On December 6th 1983, The Cure released the singles collection Japanese Whispers, which for all intents and purposes can be considered to be a proper Cure album, despite it being for the most part unrepresentative of the sound Robert Smith and Lol Tolhurst had set out to create—far removed from the previous effort, 1982’s masterpiece Pornography.
In fact, the first single “Let’s Go to Bed” was actually molded from “Temptation”, a demo from the Pornography sessions that was written as sarcastic reflection on pop music. Ultimately, the track was meant to be the antithesis of what The Cure represent. Robert Smith has often stated that he wished its B-side, the darker “Just One Kiss” was released as a single instead, as it was more representative of the band. The music video was the band’s first of a long time collaboration with director Tim Pope.
The next single The Walk was somewhat of a commercial breakthrough for The Cure. It made it into the UK top 20 and was popular in the US as well. The single was released in 3 formats, including an 12inch EP with “Lament”, “The Dream”, and “The Upstairs Room”, and a mini LP that also included “Let’s Go To Bed” and “Just One Kiss”. There are certain anecdotes flying around concerning “The Walk”, which may have contributed to a feud between New Order and The Cure that was allegedly instigated between their respective bass players Simon Gallup and Peter Hook—the former being opined to be the far superior bass player by Robert Smith, of course (although Simon Gallup was not in the band at the time of The Walk’s release).
Comparing The Walk to New Order’s classic “Blue Monday”, a certain similarity between the drum track is very striking, but neither The Cure nor New Order can take credit for it, as it first can be heard on Donna Summer’s track Our Love. Since Blue Monday came out a bit earlier, The Cure were often accused of copying New Order (by Peter Hook especially). According to Robert Smith, however, they never deliberately did, as The Walk had been recorded first and was intended to sound more like the band Japan. Perhaps The Cure’s hit “Friday I’m In Love” off their ninth studio album Wish starts with the line “I don’t care if Monday’s blue” for that reason, but it may just be a coincidence that still fits perfectly fits into that puzzle.
When asked about The similarities between “The Walk” and “Blue Monday”, Robert Smith had this to say:
“I think Blue Monday came out a bit earlier than The Walk but I wanted it to sound like the band Japan, not New Order. Simon Gallup and Peter Hook have got similarly aggressive personae on stage, although I think Simon is a far superior bass player. And the six-string bass was an instrument we both picked up at the same time in the early ’80s. But I’ve never deliberately copied New Order.”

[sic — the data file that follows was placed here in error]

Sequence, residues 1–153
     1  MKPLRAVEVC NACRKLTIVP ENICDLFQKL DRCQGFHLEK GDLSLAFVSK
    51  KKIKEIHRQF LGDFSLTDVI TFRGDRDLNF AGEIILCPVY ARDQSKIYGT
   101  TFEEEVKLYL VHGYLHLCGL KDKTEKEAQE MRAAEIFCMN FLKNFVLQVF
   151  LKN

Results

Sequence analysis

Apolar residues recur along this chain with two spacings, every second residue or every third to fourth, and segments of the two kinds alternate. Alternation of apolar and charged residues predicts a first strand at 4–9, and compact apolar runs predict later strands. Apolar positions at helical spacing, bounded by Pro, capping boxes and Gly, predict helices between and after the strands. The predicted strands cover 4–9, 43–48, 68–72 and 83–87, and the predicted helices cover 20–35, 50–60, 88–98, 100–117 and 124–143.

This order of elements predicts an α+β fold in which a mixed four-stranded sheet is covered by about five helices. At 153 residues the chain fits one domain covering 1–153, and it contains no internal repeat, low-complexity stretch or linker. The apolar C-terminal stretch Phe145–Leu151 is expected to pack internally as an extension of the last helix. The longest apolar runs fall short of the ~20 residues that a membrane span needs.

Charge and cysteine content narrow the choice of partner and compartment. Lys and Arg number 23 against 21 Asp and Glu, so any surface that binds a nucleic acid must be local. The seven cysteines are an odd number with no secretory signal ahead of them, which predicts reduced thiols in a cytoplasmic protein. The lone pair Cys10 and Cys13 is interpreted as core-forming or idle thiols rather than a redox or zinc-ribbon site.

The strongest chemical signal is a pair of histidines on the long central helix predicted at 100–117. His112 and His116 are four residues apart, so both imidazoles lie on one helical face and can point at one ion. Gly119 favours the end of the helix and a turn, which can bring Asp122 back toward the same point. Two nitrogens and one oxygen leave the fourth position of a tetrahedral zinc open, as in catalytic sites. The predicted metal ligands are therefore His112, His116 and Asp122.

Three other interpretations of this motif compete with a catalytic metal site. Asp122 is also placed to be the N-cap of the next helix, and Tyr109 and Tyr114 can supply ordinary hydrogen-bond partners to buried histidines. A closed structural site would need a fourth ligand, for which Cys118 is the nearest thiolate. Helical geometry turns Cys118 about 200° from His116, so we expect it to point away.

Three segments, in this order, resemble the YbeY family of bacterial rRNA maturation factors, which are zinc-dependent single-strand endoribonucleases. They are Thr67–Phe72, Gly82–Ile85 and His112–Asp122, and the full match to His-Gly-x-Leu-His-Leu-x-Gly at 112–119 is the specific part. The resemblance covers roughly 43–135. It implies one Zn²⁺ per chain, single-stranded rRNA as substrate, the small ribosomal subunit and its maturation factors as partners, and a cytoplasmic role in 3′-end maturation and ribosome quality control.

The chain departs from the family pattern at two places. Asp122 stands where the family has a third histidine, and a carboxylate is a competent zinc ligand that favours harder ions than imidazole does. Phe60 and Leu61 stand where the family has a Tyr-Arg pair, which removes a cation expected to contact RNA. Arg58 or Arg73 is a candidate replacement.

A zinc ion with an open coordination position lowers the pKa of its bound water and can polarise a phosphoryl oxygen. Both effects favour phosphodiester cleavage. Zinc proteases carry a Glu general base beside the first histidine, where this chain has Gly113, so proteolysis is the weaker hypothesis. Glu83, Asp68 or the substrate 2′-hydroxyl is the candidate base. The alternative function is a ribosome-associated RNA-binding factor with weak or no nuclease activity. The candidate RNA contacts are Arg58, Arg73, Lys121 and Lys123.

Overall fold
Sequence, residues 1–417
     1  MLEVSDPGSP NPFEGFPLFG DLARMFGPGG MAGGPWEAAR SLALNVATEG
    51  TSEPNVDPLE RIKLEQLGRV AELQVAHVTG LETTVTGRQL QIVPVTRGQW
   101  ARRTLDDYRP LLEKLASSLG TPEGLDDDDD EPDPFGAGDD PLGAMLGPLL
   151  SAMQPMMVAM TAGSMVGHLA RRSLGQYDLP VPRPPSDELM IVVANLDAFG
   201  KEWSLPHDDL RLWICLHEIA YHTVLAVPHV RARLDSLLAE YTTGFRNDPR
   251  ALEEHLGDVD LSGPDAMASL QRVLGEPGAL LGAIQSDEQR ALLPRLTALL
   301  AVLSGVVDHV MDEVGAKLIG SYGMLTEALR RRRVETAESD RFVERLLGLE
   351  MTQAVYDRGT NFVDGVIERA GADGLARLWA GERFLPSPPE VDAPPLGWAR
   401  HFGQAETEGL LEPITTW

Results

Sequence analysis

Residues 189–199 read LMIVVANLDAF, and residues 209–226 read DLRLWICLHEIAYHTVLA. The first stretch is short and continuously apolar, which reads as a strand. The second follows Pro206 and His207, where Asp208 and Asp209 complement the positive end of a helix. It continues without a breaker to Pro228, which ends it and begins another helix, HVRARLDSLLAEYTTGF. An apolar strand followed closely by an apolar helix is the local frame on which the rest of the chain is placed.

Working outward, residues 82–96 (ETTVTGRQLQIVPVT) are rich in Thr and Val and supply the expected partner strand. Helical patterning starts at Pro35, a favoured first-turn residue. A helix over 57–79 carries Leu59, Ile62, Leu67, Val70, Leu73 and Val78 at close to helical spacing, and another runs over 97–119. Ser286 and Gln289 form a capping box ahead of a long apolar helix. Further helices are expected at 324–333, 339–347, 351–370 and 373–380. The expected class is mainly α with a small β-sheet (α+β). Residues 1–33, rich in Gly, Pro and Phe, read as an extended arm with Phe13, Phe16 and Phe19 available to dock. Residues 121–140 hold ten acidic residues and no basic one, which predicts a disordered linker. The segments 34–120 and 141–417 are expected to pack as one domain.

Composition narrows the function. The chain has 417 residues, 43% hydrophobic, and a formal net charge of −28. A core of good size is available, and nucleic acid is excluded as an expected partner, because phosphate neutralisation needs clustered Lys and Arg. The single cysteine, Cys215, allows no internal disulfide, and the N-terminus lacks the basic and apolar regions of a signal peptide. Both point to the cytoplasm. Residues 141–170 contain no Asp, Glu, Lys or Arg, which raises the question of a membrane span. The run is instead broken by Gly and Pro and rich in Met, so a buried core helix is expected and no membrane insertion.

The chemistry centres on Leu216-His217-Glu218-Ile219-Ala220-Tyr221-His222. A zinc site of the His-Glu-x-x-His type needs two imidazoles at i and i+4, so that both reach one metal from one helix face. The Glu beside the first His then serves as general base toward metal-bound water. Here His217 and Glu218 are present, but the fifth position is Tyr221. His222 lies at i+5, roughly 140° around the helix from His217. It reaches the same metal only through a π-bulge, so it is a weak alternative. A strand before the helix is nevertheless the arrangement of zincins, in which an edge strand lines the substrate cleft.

The final single on Japanese Whispers, The Lovecats, was recorded in Paris, and according to Robert Smith, was an homage to the Disney film The Aristocats. According to some fan sources, it may have been lyrically inspired by Patrick White’s novel The Vivisector as well. Robert Smith explains below that a song like this was a one-off for The Cure, and there would not be any other songs like this, such as “Love Dogs,” for example.
In the video for The Lovecats, on the doublebass is Phil Thornalley, who produced The Cure’s Pornography. Thornalley would perform live with The Cure off and on until Simon Gallup rejoined the band for 1985’s The Head on The Door. Andy Anderson would round up the live lineup on drums, and also contributed to The Glove’s Blue Sunshine LP.
Here is some footage of the The Cure in Paris recording Lovecats
Additionally, below is an interesting interview with Robert Smith from October 17th, 1983. Recorded later on the day Play at Home was done at the Riverside, Mr. Smith discusses The Walk EP, the Banshee’s Nocturne live LP, and recording demos for The Top. A nice touch is Lol Tolhurst’s shout-out for producing Baroque Bordello and And Also the Trees.
Bonus 1: Watch The Cure’s first appearance on MTV
Bonus 2: At the time, The Cure didn’t enjoy playing songs like “The Lovecats” in concert, so instead, here’s a clip of “One Hundred Years” featuring the 1983 lineup…